Program Books/Jamie Barton and Jake Heggie 2122/Jamie Barton and Jake Heggie 2122 program

Program

Jake HEGGIE (b. 1961) “Music,” from The Breaking Waves
Henry PURCELL ((1659–1695))/Benjamin BRITTEN (1913–1976) “Music for a while,” from Oedipus, Z. 58
Franz SCHUBERT (1797–1828) An die Musik, D. 547
Gretchen am Spinnrade, D. 118
Rastlose Liebe, D. 138
Florence PRICE (1887–1953) We Have Tomorrow
The Poet and his Song
Night
Hold Fast to Dreams
Johannes BRAHMS (1833–1897) Unbewegte laue Luft
Meine Liebe ist grün
Von ewiger Liebe

Intermission

HEGGIE What I Miss the Most… (West Coast Premiere)

Order (Joyce DiDonato)
Time (Patti LuPone)
Action (Sister Helen Prejean)
Music (Ruth Bader Ginsberg)
You (Kathleen Kelly)

HEGGIE Of Gods and Cats

In the Beginning
Once Upon a Universe

HEGGIE Iconic Legacies (First Ladies at the Smithsonian)

Eleanor Roosevelt: Marian Anderson’s Mink Coat
Mary Todd Lincoln: Abraham Lincoln’s Hat
Jacqueline Kennedy Onassis: White House Christmas Card, 1963
Barbara Bush: The Muppets

Texts & Translations

JAKE HEGGIE

Music,” from The Breaking Waves
[Text: Sister Helen Prejean]
For almost a year I didn’t know
He could have music on death row
When I found out
I sent the tape player and headphones
And the next day, he told me:
“I listened to music all night long”
He drank music like a thirsty man
He joined the land of the living that night
I felt his joy. I feel it still.
HENRY PURCELL

Music for a while, Z. 583 No. 2, from Orpheus Britannicus, Vol. II; Realization by Benjamin Britten
[Text: John Dryden and Nathaniel Lee, from Oedipus]
Music for a while
Shall all your cares beguile:
Wond’ring how your pains were eas’d,
And disdaining to be pleas’d,
Till Alecto free the dead
From their eternal bands,
Till the snakes drop from her head
And the whip from out her hands.

FRANZ SCHUBERT

An die Musik, D. 547
[Text: Franz von Schober]
Du holde Kunst, in wieviel grauen Stunden,
Wo mich des Lebens wilder Kreis umstrickt,
Hast du mein Herz zu warmer Lieb entzunden,
Hast mich in eine beßre Welt entrückt!

Oft hat ein Seufzer, deiner Harf entflossen,
Ein süßer, heiliger Akkord von dir
Den Himmel beßrer Zeiten mir erschlossen,
Du holde Kunst, ich danke dir dafür!

To music

O sublime art, in how many gray hours,
when the wild tumult of life ensnared me,
have you kindled my heart to warm love,
have you carried me away to a better world!

Often a sigh, escaped from your harp,
a swift, solemn chord from you,
has opened the heaven of better times for me—
o sublime art, I thank you for it!

Gretchen am Spinnrade, D. 118
[Text: Johann W. von Goethe]
Meine Ruh’ ist hin,
Mein Herz ist schwer,
Ich finde sie nimmer
Und nimmermehr.

Wo ich ihn nicht hab’,
Ist mir das Grab,
Die ganze Welt
Ist mir vergällt.

Mein armer Kopf
Ist mir verrückt,
Mein armer Sinn
Ist mir zerstückt.

Nach ihm nur schau ich
Zum Fenster hinaus,
Nach ihm nur geh’ ich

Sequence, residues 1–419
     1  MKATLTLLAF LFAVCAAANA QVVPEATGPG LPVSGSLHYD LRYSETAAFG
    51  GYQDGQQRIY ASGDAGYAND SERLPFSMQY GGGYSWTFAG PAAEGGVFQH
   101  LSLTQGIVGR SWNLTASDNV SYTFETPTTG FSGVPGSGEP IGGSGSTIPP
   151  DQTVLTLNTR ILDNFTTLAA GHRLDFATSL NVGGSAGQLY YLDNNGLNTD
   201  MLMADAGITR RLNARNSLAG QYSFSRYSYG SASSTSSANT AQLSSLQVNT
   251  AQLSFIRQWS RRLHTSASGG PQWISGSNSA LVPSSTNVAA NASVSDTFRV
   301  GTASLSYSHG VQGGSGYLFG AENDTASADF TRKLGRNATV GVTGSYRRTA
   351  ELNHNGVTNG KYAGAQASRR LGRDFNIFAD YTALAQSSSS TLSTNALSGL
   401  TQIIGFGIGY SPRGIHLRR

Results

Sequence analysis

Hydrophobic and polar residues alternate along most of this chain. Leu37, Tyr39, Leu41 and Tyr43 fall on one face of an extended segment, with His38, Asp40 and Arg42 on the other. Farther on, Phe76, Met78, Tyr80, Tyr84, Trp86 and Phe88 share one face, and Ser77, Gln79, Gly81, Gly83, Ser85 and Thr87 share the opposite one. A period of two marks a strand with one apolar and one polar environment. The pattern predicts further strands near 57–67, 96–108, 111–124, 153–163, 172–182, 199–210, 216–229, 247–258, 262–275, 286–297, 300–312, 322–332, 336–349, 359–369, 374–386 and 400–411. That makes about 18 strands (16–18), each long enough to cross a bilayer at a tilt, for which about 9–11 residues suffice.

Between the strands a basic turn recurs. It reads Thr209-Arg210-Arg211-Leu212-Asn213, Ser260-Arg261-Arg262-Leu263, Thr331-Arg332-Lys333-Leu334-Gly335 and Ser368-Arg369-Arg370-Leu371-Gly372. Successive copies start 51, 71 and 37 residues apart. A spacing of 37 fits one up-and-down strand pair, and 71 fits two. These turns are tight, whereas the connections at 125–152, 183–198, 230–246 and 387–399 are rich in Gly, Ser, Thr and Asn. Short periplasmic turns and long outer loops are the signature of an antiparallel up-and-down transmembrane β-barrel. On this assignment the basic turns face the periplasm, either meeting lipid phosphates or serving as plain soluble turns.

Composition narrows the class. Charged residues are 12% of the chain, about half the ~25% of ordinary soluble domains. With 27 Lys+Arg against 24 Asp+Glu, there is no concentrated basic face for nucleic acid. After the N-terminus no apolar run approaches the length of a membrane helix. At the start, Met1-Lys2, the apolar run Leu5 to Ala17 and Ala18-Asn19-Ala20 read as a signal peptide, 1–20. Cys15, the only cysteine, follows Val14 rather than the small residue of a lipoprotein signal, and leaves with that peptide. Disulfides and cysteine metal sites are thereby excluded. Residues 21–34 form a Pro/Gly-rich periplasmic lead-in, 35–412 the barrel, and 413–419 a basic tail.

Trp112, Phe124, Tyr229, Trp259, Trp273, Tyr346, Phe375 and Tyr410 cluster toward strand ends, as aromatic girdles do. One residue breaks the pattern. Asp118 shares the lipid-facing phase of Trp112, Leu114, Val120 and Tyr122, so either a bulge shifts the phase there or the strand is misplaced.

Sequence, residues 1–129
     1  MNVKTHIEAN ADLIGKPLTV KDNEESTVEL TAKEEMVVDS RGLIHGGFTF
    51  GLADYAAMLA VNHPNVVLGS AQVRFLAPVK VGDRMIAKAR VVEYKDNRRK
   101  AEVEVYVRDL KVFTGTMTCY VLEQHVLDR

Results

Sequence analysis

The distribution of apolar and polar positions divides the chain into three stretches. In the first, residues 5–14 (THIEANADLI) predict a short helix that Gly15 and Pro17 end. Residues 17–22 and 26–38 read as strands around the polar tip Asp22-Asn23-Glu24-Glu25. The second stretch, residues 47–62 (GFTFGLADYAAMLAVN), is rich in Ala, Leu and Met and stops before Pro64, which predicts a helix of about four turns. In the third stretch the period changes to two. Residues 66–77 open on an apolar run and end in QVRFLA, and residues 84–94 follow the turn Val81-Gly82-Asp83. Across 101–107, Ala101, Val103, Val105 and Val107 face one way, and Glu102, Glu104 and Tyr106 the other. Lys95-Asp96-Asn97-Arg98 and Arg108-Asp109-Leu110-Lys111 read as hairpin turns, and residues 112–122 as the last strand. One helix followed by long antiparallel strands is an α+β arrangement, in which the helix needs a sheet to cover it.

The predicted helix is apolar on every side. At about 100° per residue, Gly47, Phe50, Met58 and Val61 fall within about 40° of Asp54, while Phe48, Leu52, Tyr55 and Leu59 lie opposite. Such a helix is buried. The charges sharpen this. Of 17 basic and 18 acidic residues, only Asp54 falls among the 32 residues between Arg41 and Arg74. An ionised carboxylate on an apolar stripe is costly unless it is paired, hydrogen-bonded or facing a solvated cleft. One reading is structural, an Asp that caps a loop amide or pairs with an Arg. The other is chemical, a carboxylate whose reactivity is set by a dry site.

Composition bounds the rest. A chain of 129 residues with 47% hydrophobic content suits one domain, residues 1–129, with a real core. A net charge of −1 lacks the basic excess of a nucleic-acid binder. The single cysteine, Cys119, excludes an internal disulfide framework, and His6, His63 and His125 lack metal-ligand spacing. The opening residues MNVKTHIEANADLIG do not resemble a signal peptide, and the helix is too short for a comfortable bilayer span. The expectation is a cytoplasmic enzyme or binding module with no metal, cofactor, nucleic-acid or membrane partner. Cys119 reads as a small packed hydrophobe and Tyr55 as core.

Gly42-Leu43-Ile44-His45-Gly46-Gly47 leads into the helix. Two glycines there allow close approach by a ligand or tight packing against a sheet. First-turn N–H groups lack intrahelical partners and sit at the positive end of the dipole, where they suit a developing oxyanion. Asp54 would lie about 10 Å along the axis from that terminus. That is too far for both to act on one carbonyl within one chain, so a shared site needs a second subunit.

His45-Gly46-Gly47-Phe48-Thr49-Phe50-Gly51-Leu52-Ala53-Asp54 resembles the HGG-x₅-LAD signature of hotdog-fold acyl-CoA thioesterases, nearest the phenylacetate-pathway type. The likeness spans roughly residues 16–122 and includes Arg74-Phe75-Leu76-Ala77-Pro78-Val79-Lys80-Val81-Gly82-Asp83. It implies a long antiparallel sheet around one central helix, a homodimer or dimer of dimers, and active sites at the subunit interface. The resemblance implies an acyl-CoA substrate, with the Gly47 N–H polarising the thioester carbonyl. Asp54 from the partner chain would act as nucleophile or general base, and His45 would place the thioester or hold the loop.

Aus dem Haus.

Sein hoher Gang,
Sein’ edle Gestalt,
Seines Mundes Lächeln,
Seiner Augen Gewalt.

Und seiner Rede
Zauberfluß,
Sein Händedruck,
Und ach, sein Kuß!

Mein Busen drängt
Sich nach ihm hin.
Ach, dürft’ ich fassen
Und halten ihn,

Und küssen ihn,
So wie ich wollt,
An seinen Küssen
Vergehen sollt!

Meine Ruh’ ist hin,
Mein Herz ist schwer.

Gretchen at the spinning wheel

My peace is gone,
my heart is heavy,
never shall I find
peace ever more.

Where he is not,
there is my grave,
all the world
is bitter to me.

My poor head
is crazed,
my poor wits
are torn apart.

Only for him do I gaze
from the window,
only for him do I go
from the house.

His superior walk,
his noble form,
his mouth’s smile,
his eyes’ power.

And his words—
their magic flow,
the press of his hand,
and ah, his kiss!

My heart craves
for him,
ah, might I grasp
and hold him,

and kiss him,
as I would wish,
and upon his kisses
I should die!

My peace is gone,
my heart is heavy.

Rastlose Liebe, D. 138
[Text: J. W. von Goethe]
Dem Schnee, dem Regen,
Dem Wind entgegen,
Im Dampf der Klüfte
Durch Nebeldüfte,
Immer zu! Immer zu!
Ohne Rast und Ruh!

Lieber durch Leiden
Wollt ich mich schlagen,
Als so viel Freuden
Des Lebens ertragen.

Alle das Neigen
Von Herzen zu Herzen,
Ach, wie so eigen
Schaffet das Schmerzen!

Wie soll ich fliehen?
Wälderwärts ziehen?
Alles vergebens!
Krone des Lebens,
Glück ohne Ruh,
Liebe, bist du!

Restless love

Against the snow, the rain,
the wind,
in the mist of the ravines,
through the scent of fog,
ever on! Ever on!
Without rest and peace!

I would rather through suffering
fight myself,
than so many joys
of life endure.

All the inclining
of heart to heart,
ah, how curiously
that creates pain!

Where shall I flee?
To the forest move?
All in vain!
Crown of life,
happiness without peace,
love, this you are!

FLORENCE PRICE

We Have Tomorrow
[Text: Langston Hughes]
We have tomorrow
Bright before us
Like a flame.Yesterday
A night-gone thing,
A sun-down name.

And dawn-today
Broad arch above the road we came.

The Poet and his Song
[Text: Paul Laurence Dunbar]
A song is but a little thing,
And yet what joy it is to sing!
In hours of toil it gives me zest,
And when at eve I long for rest;
When cows come home along the bars,
And in the fold I hear the bell,
As Night, the shepherd, herds his stars,
I sing my song, and all is well.My days are never days of ease;
I till my ground and prune my trees.
When ripened gold is all the grain.
I labor hard, and toil and sweat,
While others dream within the dell;
But even while my brow is wet,
I sing my song, and all is well.

Sometimes the sun, unkindly hot,
My garden makes a desert spot;
Sometimes a blight upon the tree
Takes all my fruit away from me;
And then with throes of bitter pain